He said it’s best if people start medications — whether antihistamines, nasal sprays or both — a few weeks before their seasonal allergies kick in.
“Nobody wants to be symptomatic for a week during the prettiest part of the year.”
Early treatment can help head off allergy-related asthma attacks and sinus infections, which occur when bacteria in the sinuses get stopped up due to nasal blockages that reduce the flow of mucus, Oppenheimer said.
“I can’t tell you the number of people I see who have their asthma flare” due to seasonal allergies, he said.
If people do not find full relief with antihistamines and anti-inflammatories they should consult with their physician about getting allergy shots, Gordon said.
Beyond antihistamines and anti-inflammatory
“If you’re not doing well with those you need something different, you need something more,” he said.
Gordon said allergy shots seem to be particularly effective in getting allergy-related fatigue under control.
Even with over-the-counter medications, it’s best to talk to a physician about getting aggravating allergy symptoms under control, Oppenheimer said.
“It should be precision medicine based on you and your specific symptoms,” he said.
People who failed to anticipate allergy season “are not doomed,” Costa said. He said it’s worth starting treatment now, even though it will take several days to experience relief.
Allergy sufferers can also take other steps to limit exposure to pollen, from using saline nasal washes to shutting windows and powering up the AC, physicians said.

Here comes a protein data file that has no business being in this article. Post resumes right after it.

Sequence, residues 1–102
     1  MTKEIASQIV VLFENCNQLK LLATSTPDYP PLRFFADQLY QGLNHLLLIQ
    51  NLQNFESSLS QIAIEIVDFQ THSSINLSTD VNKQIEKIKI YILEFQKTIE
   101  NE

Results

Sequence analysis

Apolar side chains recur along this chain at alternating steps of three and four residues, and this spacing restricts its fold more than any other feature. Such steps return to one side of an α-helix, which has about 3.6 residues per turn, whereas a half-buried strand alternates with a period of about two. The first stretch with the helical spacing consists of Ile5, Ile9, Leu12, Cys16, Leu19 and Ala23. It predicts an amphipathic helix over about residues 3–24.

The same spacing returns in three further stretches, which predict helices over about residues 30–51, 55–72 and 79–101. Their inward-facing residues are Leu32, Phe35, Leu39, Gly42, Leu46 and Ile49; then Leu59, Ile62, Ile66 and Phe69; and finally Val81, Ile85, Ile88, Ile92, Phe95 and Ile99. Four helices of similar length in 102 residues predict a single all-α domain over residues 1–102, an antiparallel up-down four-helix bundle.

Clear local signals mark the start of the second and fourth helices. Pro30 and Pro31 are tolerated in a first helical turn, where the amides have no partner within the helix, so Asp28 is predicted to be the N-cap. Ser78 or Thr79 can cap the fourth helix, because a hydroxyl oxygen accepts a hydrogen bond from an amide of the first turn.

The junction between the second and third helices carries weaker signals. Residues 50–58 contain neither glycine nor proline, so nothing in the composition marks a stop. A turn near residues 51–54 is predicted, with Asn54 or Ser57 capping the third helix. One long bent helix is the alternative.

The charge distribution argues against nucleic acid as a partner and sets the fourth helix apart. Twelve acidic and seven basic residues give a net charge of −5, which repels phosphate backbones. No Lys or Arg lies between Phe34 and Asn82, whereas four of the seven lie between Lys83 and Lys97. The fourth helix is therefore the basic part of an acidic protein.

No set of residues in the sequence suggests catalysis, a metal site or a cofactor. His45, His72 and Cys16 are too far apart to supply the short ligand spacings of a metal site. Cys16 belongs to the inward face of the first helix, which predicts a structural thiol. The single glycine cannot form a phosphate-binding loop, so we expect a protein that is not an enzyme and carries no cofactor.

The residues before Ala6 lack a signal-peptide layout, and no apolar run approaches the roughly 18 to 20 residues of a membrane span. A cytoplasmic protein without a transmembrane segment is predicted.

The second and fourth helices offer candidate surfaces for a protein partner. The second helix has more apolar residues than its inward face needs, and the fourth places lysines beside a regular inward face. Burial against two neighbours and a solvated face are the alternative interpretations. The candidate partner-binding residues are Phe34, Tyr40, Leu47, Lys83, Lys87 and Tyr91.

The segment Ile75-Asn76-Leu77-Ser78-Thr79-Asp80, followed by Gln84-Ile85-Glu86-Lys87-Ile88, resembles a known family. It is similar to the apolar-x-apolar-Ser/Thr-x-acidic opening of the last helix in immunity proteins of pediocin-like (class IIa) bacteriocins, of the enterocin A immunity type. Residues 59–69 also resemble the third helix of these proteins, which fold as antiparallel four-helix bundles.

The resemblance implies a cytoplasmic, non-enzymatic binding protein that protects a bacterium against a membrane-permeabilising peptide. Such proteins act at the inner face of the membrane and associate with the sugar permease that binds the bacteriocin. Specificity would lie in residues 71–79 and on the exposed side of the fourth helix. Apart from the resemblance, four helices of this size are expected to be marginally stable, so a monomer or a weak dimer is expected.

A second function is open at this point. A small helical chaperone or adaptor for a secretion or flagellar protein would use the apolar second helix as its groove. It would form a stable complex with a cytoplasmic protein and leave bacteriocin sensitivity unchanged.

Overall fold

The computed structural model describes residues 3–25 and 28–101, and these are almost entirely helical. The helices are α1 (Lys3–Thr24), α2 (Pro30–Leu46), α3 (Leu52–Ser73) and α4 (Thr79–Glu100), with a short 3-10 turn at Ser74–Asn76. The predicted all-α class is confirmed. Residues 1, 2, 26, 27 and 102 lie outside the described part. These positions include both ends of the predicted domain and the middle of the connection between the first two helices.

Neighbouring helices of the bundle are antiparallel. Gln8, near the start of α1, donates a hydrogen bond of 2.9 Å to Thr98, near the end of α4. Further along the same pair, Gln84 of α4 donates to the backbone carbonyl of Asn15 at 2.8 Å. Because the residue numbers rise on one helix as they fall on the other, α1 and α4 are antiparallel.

Vacuuming carpets and washing bed linens will remove pollen from the environment, as will washing clothing and showering after time spent outdoors.
Hair is a pollen trap, so washing it before it dumps a load of allergens on the pillow at night makes sense, especially for people who have spent the afternoon sitting outdoors or working in the garden, Costa said.
Pollen accumulates on people “just like you see it accumulates on the hood of your car,” he said.
“Masking can help,” Ziska said.
Get a breath of fresh air by the ocean
While the end of tree pollen season that allows oaks, birches and pines to create havoc with people’s respiratory symptoms will create some relief in the coming weeks — leaving grass pollens to deliver their punch alone and not simultaneously — experts say climate change will continue to lengthen pollen season.
“When you look at the long-term climate, it’s going to get worse,” Ziska said.
Thurman said he is managing his symptoms with daily medication — and by getting to the beach, when he can.
He said he wondered why the beach provided such relief for his allergy symptoms until a friend pointed out that ocean-driven wind pouring over the sand is free of pollen.
“The breeze coming off the ocean is not coming off the land.”